OF ULTRAVIOLET SYSTEMS
Ultraviolet rays are part of the
light that comes from the sun. UV is known to be an effective
disinfectant due to its strong germicidal (inactivating) ability.
UV has been used commercially for many years in the pharmaceutical,
cosmetic, beverage and electronic industries. It was used
for drinking water disinfection in the early 1900’s
but was abandoned due to high operating cost, unreliable equipment,
and the expanding popularity of disinfection by chlorination.
Recently, the safety of chlorination has been
questioned and UV has experienced increased acceptance in
both municipal and household systems. There are few large-scale
UV water treatment plants in the United States although there
are more than 2,000 such plants in Europe. Municipal systems
use UV in conjunction with chlorine, thus reducing the amount
of chlorine for disinfection.
UV radiations has disinfection properties that
inactivate bacteria, viruses, spores, cysts etc. UV is effective
only if the light intensity reaches the organism in question,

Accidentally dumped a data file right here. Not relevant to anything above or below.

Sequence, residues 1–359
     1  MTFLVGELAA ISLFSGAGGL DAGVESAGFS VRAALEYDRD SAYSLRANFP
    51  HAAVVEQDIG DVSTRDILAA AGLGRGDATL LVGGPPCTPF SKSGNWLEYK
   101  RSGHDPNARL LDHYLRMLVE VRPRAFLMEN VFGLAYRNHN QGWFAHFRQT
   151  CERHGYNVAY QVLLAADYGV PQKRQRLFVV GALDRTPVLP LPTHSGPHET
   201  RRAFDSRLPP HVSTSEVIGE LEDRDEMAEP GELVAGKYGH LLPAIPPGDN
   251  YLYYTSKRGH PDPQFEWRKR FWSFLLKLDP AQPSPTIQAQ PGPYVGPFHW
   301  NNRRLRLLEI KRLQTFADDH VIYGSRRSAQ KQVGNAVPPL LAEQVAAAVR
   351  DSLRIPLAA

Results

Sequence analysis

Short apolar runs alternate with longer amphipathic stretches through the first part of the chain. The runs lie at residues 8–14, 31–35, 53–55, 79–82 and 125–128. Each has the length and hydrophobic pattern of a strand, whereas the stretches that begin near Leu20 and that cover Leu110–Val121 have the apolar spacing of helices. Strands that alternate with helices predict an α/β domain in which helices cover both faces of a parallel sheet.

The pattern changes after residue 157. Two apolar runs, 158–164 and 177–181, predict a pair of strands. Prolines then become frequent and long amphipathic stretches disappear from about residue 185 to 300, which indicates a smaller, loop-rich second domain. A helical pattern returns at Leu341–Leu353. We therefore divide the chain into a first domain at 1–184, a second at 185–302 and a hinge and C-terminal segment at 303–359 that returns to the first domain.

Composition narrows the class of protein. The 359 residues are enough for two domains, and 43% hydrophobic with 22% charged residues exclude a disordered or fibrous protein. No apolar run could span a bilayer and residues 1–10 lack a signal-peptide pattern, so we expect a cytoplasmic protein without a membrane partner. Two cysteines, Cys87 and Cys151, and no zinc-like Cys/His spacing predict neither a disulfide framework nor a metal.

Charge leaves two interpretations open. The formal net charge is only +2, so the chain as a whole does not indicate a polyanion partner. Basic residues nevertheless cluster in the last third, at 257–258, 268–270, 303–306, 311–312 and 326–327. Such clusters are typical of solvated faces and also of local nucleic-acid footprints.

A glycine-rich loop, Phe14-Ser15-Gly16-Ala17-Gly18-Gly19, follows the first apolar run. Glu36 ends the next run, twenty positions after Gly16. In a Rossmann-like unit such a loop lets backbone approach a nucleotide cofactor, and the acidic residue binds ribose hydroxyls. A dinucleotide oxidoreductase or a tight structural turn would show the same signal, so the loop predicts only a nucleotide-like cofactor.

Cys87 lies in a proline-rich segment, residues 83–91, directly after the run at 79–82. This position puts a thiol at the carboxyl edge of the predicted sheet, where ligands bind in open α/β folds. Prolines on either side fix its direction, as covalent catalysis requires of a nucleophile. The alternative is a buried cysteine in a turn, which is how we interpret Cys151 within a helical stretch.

therefore nothing should be present in the water that shields
the organism from radiation.
UV radiation has
three wave length zones: UV- A, UV- B and UV- C. It is the
short wave UV- C that has germicidal properties for disinfection.
A low-pressure mercury lamp produces the UV light in the range
of 254 Nanometers (nm). An nm is one billionth of a meter
(10^-9 meter). 254 nm is the most effective on microorganisms
and hence it is perfect for germicidal activity. There are
UV lamps that produce radiation in the range of 185 nm that
are effective on microorganisms and will also reduce the Total
Organic Carbon (TOC) content of the water.
In a typical UV system, approximately 95% of
the radiation passes to a special quartz glass sleeve and
into the untreated water. Used alone, UV radiation does not
improve the taste, odour, or clarity of water. There is no
residual disinfection in the water to inactivate bacteria
that may be introduced after the water passes the UV chamber.
The percentage of microorganisms destroyed depends on the
intensity of the UV light and the contact time. If material
builds up on the quartz sleeve (fouling), the light intensity
and the effectiveness of UV is reduced.
'Good Life UV' from Good Life Products has none
of the disadvantages of earlier ultraviolet systems, because
water flows through Dupont's special quality Teflon® tubes,
Good Life UV systems eliminates fragile quartz tubes and all
their disadvantages. A special Flow Pattern through the Teflon®
tubes assures full exposure to the ultraviolet rays. Non wetting
surface characteristics of Teflon® also eliminate any
build up of contaminants that could block ultraviolet rays
i.e. there is no fouling occurring in the system.
OF DIFFERENT DISINFECTION METHODS WITH UV